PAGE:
The last candidate who was extremely charismatic and a prodigious fundraiser, and who had a thin resumé albeit with an intriguing biography* was…. Obama. And what a debacle that turned out to be.

          There was at least some excuse for thinking Obama was the next FDR; people as “smart” as Thomas Frank thought so. Is there any excuse for thinking that Beto will be?

          NOTE * To be fair, two autobiographies. And what should that have told us…

          Reply
      3. Richard

        Exactly, which is exactly why as a LOSER he is getting a push for 2020, and why the party elite are poised to fall in love with him.
        Are there a lot of these “hot and bothered” messages about Beto? I don’t see many, but I’m not looking. J. Dore did sort of have a running gag about his sex appeal vs. Cruz…
        Personally, this bs leaves me totally cold. Politics is the ONE place I don’t want sexuality rearing its fetching little head.
        And yes, I know there is probably more than ONE place, but I can’t be bothered to think about that now.

        Reply
        1. Darthbobber

          Everybody and their dog with more name recognition than a county clerk is getting breathlessly mentioned somewhere or other as potential presidential timber. Well, except Bernie Sanders.

          Reply
      1. Lambert Strether Post author

        > sex positive

        I don’t think it’s sex negative to give consideration to the idea that the candidate who gives you fantasy calf cramps might not be the most suitable candidate for public office.

        Reply
  2. Wukchumni

    Transportation: “Driverless cars will lead to more sex in cars, study finds”
    ~~~~~~~~~~~~~
    Knew a fellow and his misses that got amorous en route to the desert and shifted the knob into reverse, causing a blown engine.

    Reply
      1. HotFlash

        Or reading NC? But, as Lambert has repeatedly pointed out, if you want to do that, there are buses and trains, and if you want to, unh, whatever, aren’t there sleeping cars? Do they check to see if you actually sleep? Never been on one, myself.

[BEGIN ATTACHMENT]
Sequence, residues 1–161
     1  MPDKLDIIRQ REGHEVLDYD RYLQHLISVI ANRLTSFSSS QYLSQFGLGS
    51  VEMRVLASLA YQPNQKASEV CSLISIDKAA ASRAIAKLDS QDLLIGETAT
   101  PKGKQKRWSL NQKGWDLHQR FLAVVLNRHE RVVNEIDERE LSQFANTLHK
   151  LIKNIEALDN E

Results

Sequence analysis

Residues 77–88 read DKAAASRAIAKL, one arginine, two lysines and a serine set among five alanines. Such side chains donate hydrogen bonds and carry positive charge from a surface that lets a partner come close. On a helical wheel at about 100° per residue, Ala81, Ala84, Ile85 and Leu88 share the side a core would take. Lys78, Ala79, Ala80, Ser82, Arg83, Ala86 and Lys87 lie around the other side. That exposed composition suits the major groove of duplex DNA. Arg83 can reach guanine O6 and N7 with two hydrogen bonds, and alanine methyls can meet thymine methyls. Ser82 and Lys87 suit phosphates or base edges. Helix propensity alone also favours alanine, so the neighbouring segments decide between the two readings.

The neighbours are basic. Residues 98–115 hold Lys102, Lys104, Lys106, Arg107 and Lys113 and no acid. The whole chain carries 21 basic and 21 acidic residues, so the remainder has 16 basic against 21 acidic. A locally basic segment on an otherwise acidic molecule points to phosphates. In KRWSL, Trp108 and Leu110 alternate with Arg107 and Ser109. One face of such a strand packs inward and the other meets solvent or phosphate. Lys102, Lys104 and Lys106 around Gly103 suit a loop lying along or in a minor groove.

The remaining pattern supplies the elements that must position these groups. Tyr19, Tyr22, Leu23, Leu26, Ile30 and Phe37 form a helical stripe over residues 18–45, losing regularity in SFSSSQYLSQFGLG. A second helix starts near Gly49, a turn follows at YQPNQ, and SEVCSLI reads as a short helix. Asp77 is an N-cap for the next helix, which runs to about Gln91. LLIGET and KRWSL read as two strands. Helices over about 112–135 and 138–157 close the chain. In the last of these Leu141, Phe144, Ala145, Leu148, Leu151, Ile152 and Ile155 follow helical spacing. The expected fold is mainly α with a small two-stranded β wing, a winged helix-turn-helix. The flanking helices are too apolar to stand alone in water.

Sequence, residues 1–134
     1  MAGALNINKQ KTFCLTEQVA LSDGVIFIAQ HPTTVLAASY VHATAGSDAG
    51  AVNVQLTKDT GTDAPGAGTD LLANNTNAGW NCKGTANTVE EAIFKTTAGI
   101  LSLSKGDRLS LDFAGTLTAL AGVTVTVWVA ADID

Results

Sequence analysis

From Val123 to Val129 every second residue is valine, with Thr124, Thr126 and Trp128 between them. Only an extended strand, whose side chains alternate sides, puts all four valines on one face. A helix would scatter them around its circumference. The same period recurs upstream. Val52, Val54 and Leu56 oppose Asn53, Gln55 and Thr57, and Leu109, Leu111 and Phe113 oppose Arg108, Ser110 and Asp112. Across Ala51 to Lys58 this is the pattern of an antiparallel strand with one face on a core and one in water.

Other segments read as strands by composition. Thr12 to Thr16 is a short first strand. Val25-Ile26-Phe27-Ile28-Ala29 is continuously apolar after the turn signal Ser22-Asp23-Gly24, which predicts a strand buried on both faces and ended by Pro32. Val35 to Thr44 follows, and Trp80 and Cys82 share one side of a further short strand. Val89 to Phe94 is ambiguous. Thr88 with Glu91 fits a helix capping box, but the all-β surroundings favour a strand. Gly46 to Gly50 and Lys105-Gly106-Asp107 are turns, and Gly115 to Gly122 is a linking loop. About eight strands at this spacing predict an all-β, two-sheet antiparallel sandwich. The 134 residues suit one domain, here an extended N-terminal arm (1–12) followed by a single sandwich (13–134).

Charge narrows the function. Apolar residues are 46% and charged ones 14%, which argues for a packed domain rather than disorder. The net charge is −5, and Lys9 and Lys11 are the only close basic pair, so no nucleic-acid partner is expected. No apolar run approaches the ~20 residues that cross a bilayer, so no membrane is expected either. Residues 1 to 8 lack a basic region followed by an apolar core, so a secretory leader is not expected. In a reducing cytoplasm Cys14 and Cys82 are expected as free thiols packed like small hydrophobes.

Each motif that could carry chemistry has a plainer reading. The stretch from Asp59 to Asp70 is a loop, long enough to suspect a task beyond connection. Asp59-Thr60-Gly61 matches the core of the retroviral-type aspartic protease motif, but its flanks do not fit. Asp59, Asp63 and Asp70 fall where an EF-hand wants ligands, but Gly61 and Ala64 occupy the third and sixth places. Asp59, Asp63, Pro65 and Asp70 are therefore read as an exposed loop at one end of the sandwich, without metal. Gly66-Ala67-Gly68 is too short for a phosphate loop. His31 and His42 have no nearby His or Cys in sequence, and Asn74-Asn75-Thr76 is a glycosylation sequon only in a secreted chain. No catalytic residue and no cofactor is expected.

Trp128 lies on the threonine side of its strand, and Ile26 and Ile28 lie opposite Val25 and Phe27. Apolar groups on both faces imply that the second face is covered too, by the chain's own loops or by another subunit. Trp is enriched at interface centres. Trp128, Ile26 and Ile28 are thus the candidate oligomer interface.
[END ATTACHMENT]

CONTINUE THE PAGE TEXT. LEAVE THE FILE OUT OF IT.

Reply
  3. George Phillies

    Legislation to overturn Citizens United, “which declared political spending is First Amendment free speech”.

    NPR claims there will be legislation to overturn Citizens United.

    Just think, in NPR-land laws take precedence over the Constitution.

    In more important election news, apparently the divide between large cities and small cities deepened. Some liberals (see recent Krugman column) claim that megalopoli (more than 5 million folks), large cities (1-5 million folks), and small cities (0.5-1 mllion folks) are filled with Real Americans (his words), and the rest of America isn’t. Readers will recall that in 2016 Trump speech carried small cities in aggregate, and had a third of the vote in the megalopoli.

    Reply
    1. a different chris

      “NPR-land”? Have you been paying attention lately, laws taking precedence over the Constitution is pretty much a given if you can scare people of “Mooslims” sufficiently. All across the spectrum.* And you don’t even get to know if those laws exist, which I would think is a concept that would surprise 100% of the signers.

      *Ok this is the US, so center-right to right.

      Reply
    2. Cafefilos

      Didn’t the Citizen’s United decision say corporations are people? Since Corporations are not mentioned in the constitution, and were created by state and federal laws, it seems like congress could pass a law saying corporation are not people and therefore not covered by the first amendment.

      Reply
      1. JTMcPhee

        I believe it’s been linked here before, but here is stuff that people ought to know about how corporations came into being and how they were once much more limited than the kind of “screw your puny national laws and interests” monsters they are now: Our Hidden History of Corporations in the United States, http://reclaimdemocracy.org/corporate-accountability-history-corporations-us/

        In theory, what the legislature giveth, it can also take away. Of course at the moment, money = power and always has, so restraints on supranational corporations and revocations of their charters under US law are neither likely in the immediate future nor potentially very effective, given all the corrupt nations and US states that are more than happy to afford a Caesarian birth to a Goldman or Monsanto or Lockheed Martin.

        Does not mean, as awareness of corporate killing of people and the planet is growing, that it would not be worth trying.

        Reply
    3. Big River Bandido

      The Supreme Court decision which equates spending with free speech was not Citizens United. The case to which you refer was Buckley v. Valeo, 1976.

      Reply
  4. Adam1

    “The chip comes with a user-inaccessible root of trust that allows for the installation of Apple and Microsoft operating systems…”

    I’m no lawyer, but I’d suspect that this would open Apple (and or Microsoft) up to possible anti-trust issues. It would make sense under DMCA rules to prevent all non-apple OS installs, but to allow 1 competitor and not others seems to invite some type of market fixing/collusion charges.

    Reply
    1. nowhere